Winds of Fury
The Mage Winds: Book 3
This is the most memorable book in the Mage Winds trilogy for me. The protagonists’ journey across Hardorn as a troupe of entertainers stuck with me for years.
But I still find these book troublesome.
I feel like the more these books became showy high magic and big reveals—the gryphons are from the lost clan! Elspeth has the power of an adept! let’s spend chapters in the villains’ heads! the more boring they become.
BEYOND THIS POINT THERE BE SPOILERS
The exception was spending time with Vanyel, Stef and Yfandes in the Forest of Sorrows. That was fun. I like Vanyel.
When Lackey writes extensively in her antagonist’s point of view, I feel like it completely drains the tension out of the story. Maybe one of the reasons I didn’t really get into these books is simply because of how little tension there is. Now, Mercedes Lackey is a pretty ‘safe’ writer in that, while awful things happen to her characters, there’s usually no doubt that they’ll come out on top.
However, she usually does better than this!
Horrible things happen to Vanyel; but he chooses duty and life over death and struggles on. We’re never in the POV of his antagonists, so they’re always othered, and more fearsome because they are unknown elements. When Talia fights off her inner fears, they’re legit and relateable, because she’s dealing with her own shadow (to get all Jungian), and anyone who’s ever lived knows that your own fears can be far scarier and more destructive than any external force. But the external force in Arrow’s Fall is pretty damn scary: as soon as Talia and Kris reach the capital of Hardorn, they know something’s up. They make plans to make a break for it, but what they—and we—don’t know is that Ancar’s a step ahead. Kris and Tantris die, and Talia is taken away to be tortured by Ancar, who is a sick, sadistic bastard. Ancar is genuinely a scary, scary villain. So is Hulda, in her way, but Ancar is really frightful: a brutal, entitled, power-mad rapist.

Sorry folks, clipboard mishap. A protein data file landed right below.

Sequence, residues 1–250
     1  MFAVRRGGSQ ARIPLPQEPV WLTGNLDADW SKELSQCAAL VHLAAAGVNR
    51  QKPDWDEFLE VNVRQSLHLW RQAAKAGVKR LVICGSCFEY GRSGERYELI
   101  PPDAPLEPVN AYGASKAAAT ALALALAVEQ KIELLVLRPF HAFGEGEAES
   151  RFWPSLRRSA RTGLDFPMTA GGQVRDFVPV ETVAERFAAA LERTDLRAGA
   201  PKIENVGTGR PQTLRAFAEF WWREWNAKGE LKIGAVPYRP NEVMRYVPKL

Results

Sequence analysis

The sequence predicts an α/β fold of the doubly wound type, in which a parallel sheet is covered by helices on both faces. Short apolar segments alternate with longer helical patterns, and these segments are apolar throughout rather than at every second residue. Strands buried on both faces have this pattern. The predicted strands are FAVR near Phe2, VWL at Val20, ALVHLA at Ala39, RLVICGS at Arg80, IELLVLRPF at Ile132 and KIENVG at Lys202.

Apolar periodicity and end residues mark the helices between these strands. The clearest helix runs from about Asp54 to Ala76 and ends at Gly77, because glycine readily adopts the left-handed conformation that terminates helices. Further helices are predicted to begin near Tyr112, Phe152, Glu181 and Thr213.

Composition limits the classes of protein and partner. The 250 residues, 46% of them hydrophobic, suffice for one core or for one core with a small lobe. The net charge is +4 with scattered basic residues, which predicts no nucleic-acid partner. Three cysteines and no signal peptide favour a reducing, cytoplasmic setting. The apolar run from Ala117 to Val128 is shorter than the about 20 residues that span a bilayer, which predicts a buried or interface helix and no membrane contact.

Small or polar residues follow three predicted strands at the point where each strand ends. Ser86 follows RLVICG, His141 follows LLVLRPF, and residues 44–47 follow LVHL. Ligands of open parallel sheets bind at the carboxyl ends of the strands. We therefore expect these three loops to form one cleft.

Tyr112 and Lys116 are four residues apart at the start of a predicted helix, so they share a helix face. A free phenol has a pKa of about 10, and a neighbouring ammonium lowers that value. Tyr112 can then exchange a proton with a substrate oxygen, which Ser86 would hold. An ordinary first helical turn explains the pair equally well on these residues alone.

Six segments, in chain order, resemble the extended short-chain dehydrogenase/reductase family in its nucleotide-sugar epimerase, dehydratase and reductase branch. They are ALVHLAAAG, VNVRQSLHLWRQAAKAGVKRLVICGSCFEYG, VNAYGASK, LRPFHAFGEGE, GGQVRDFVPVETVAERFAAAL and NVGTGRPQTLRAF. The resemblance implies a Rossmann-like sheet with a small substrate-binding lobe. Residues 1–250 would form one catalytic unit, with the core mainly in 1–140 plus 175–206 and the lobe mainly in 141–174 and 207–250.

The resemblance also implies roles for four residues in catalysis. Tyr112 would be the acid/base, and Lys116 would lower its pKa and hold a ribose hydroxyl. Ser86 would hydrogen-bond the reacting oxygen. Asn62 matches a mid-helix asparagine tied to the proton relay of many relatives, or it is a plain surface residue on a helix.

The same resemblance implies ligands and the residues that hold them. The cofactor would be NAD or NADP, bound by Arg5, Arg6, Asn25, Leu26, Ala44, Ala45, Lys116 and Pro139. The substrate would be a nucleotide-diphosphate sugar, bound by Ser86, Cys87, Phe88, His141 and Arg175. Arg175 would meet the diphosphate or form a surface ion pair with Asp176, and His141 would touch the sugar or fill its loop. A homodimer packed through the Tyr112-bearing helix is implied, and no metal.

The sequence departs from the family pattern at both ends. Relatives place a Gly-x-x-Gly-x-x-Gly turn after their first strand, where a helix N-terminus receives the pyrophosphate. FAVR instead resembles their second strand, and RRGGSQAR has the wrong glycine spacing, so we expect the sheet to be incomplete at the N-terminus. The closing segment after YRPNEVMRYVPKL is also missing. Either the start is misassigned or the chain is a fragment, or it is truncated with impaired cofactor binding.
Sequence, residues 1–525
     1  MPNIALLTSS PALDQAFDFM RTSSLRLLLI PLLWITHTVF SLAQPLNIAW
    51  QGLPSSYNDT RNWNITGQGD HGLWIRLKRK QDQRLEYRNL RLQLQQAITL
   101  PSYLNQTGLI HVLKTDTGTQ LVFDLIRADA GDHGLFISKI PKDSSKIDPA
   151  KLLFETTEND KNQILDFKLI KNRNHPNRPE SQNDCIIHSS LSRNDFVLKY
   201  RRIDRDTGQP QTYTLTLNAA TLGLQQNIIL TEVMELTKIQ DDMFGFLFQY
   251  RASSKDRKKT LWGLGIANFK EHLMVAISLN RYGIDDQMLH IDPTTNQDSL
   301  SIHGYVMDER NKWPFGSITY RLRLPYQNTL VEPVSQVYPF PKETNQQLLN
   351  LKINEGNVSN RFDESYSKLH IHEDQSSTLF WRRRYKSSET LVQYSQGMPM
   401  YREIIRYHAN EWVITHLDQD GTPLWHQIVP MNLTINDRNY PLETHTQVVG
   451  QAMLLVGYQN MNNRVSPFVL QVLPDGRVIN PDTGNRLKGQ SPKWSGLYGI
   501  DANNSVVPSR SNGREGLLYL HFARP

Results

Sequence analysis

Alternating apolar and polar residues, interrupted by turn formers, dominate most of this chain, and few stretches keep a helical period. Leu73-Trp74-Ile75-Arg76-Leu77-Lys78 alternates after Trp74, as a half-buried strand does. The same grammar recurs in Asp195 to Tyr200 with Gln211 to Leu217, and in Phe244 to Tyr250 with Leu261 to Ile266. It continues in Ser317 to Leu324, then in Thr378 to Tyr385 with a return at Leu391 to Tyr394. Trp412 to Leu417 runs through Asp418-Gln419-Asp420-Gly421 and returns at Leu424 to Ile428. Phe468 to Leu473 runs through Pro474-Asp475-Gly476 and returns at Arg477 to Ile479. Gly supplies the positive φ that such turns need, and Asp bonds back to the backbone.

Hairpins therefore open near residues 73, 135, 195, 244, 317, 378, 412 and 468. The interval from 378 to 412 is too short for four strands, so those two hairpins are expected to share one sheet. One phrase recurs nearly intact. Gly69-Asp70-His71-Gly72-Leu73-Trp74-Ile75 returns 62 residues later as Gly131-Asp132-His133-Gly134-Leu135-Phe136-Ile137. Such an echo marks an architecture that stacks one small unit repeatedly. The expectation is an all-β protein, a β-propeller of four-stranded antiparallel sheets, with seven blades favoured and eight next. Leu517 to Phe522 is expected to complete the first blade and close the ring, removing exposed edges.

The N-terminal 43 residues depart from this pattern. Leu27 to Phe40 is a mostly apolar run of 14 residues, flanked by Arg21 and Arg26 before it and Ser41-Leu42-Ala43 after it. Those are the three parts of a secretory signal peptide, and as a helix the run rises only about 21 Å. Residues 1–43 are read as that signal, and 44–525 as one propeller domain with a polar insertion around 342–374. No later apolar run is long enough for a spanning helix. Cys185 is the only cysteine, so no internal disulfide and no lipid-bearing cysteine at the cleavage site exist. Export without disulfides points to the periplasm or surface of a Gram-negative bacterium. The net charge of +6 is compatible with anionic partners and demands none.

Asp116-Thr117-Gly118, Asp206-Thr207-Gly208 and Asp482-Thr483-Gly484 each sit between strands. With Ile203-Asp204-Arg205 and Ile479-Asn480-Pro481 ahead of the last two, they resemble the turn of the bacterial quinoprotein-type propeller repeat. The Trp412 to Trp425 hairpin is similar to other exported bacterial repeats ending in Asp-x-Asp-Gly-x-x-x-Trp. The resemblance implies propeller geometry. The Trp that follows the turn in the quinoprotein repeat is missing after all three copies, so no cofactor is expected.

In Winds of Fury, Ancar becomes a neutered puppy. Look how cute he is, he’s an incompetent mage who sucks as a villain and will always be second rate to Falconsbane. Hell, he doesn’t even figure out that a Gate is a teleportation spell! It’s such a let-down after the grim gritty end of Arrow’s Fall. Mornelithe is groggy and not himself so much that there’s no fear from that quarter.
And the plan that our heroes come up with? Works just as they planned. It’s no surprise they defeat the villain.
If you want want a fun, high fantasy romp, go ahead and read The Mage Winds. The books are fun. I enjoyed them—I just can’t take them seriously, and they’re absolutely not up to the same level as the Arrows books or The Last Herald-Mage or By The Sword.
And with that, I realize I’ve entirely forgotten to write up my By The Sword review! It should have preceded the Mage Winds. Stay tuned, it’s on the way.